You may wish to spend some time with the person who has died to say your last goodbyes. It is a time when you can gather, take your time and reminisce as a family, or just sit quietly with an open or closed coffin. Or if you wish you may hold a vigil at your home, or in church or where the funeral is to be held. Keeping a vigil the night before the funeral is an ancient ritual and a powerful experience. It gives a chance to say goodbye, reminisce, laugh and cry, and often enables mourners to be more present on the day of the funeral. The coffin can be open or closed.
Talk to the funeral director beforehand so that they can let you know what to expect.
Research has shown that people rarely regret seeing the body of the person who has died, even in challenging circumstances, if they can talk through what they are going to see.
Including children at the vigil
Consider having children come and see the person who has died. You could set up the room with the coffin at a height they can see over, have lots of drawing paper and coloured pens available to them. Having pets around can also help, so they have a distraction if they want.
Actually seeing the person, especially if their last experience was of Granny or Mum with lots of activity, tubes and monitors around her, can allay their fears and stop their imaginations conjuring up frightening images. But it is important that the child has choice. If the child is offered the opportunity to view the body but chooses not to, then this must be respected, the important thing being given the opportunity gives some control over a life which at that point feels chaotic and out of control.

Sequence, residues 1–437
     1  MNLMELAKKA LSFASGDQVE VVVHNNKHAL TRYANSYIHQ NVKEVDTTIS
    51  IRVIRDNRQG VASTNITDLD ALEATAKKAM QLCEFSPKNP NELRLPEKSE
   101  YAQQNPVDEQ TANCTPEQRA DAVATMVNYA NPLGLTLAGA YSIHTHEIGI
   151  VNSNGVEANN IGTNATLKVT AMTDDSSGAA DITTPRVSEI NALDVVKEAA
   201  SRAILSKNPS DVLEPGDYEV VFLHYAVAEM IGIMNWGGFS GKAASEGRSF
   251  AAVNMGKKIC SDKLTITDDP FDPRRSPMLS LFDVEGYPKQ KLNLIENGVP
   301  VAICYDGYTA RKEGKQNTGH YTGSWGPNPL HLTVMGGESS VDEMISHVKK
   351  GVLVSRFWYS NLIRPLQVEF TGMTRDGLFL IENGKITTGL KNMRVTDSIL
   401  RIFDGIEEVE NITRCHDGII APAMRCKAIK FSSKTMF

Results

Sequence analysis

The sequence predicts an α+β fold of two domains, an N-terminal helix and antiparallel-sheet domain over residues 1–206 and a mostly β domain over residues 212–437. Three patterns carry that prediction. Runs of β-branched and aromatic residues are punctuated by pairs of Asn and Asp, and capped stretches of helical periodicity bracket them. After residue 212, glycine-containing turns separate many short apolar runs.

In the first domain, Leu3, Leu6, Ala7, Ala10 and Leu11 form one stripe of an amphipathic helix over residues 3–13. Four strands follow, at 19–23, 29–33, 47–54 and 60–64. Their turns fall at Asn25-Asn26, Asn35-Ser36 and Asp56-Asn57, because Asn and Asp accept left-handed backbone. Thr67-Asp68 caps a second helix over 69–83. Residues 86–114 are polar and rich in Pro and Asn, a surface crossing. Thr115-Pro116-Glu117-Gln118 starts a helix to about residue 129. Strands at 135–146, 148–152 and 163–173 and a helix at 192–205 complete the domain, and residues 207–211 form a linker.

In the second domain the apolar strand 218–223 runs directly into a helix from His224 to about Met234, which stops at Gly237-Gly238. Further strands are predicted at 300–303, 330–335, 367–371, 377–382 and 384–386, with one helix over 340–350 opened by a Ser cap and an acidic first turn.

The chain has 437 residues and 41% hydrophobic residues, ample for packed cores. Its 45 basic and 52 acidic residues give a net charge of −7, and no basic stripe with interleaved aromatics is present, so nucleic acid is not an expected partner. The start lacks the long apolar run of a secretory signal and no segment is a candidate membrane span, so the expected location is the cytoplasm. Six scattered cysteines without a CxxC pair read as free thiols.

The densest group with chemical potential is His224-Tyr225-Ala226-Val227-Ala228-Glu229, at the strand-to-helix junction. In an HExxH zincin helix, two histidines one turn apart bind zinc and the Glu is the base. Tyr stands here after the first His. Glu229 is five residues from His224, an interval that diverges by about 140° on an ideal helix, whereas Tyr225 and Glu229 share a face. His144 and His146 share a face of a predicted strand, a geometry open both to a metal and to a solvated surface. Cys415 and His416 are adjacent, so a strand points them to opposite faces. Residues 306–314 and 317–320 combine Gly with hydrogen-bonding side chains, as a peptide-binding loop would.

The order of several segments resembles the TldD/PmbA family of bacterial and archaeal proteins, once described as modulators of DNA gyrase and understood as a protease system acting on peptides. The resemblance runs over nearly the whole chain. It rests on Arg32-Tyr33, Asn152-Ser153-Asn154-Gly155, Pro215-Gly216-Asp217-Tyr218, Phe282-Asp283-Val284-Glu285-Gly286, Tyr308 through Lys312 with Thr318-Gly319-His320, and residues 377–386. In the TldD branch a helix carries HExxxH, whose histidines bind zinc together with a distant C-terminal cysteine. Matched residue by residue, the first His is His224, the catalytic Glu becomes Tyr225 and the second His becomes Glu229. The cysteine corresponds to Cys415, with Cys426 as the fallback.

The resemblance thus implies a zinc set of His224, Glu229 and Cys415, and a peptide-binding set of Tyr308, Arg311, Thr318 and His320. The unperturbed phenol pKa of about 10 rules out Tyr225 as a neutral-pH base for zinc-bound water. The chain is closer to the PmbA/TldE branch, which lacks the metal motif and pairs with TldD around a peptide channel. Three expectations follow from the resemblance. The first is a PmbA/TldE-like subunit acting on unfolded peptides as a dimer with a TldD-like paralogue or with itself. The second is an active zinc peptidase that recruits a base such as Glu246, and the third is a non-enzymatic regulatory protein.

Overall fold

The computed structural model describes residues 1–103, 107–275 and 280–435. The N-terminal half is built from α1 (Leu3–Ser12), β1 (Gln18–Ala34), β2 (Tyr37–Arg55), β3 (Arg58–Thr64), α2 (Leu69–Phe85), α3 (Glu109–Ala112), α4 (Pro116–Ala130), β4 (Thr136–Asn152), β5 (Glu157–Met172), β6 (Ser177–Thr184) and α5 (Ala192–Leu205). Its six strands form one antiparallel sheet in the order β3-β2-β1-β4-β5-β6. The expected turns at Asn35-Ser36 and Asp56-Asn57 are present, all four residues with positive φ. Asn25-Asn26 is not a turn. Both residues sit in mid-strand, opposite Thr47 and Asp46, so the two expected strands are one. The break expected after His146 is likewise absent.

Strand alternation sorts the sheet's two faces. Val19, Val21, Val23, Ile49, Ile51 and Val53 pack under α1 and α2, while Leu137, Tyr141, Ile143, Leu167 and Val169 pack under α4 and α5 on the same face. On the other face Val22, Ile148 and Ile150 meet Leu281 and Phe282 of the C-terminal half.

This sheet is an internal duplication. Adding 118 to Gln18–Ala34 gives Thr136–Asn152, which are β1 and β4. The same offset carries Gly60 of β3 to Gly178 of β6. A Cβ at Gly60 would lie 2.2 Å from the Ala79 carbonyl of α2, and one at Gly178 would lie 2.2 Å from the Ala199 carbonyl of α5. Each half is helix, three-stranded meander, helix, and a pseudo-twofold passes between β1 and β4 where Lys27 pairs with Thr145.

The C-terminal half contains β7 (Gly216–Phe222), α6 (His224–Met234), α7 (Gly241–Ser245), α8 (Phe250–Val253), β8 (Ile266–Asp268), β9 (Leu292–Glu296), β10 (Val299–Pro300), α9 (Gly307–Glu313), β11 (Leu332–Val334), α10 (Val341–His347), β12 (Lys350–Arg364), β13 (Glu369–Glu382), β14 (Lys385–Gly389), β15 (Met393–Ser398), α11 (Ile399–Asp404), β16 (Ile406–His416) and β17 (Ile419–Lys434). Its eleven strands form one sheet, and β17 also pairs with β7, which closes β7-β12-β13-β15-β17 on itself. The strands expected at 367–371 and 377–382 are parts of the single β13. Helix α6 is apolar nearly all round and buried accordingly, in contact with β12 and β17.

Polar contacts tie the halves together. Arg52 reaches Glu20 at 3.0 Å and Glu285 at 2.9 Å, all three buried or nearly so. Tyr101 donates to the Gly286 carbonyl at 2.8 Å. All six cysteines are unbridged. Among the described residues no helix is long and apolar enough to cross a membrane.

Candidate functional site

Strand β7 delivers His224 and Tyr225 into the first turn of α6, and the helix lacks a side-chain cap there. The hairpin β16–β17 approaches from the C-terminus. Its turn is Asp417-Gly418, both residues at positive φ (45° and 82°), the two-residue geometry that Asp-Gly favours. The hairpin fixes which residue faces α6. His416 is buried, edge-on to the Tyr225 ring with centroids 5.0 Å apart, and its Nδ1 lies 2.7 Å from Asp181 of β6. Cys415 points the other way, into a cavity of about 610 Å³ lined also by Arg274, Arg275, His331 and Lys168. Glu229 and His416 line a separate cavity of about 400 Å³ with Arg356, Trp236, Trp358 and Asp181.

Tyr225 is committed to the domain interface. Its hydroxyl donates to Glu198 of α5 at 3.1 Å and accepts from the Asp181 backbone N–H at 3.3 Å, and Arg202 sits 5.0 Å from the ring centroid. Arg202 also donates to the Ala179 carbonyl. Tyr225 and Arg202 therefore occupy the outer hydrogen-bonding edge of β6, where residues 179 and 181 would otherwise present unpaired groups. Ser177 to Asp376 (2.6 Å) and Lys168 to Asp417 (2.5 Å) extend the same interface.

Bearing the coffin
Many families and friends choose to bear the coffin to the funeral or the last resting place, as a final act of love. When asked, most people feel honoured to participate. It keeps the funeral intimate and close to those who loved the person who has died. Depending on the weight of the load, there can be 4 or 6 bearers, and of course women can participate too.
Do different heights matter?
If you want to carry on your shoulders, then as long as there isn’t one person much shorter or much taller (say 3 or more inches) than everyone else, this should be fine. The important thing is being able to organise yourselves in equal height pairs.
And if you carry low (by the handles – and make sure that you ask for a coffin with weight-bearing handles) then different heights makes no difference.
Family and friends bearing a coffin low
Carry me upon your friendly shoulders and walk slowly to the deserted field. Take me not to the crowded burying ground lest my slumber be disrupted. Carry me to the special field and dig my grave where violets and poppies grow not in each other’s shadow.”
Some families want to take total control of the funeral, making all the arrangements, transporting and caring for the body of the person who has died themselves, devising and holding a ceremony. There is a burgeoning home funeral movement in California.
If you wish to do this, you will need to find a funeral director who is open to these ideas.
Also you may find this book, We Need To Talk About The Funeral, a useful resource.
You can download a free copy from Heart & Soul Funerals web site. Click here for details.
I found doing everything ourselves very therapeutic and uplifting. Thank you for your help. Go on encouraging green DIY burial!”
Angie (client of Heart & Soul Funerals / Green Fuse)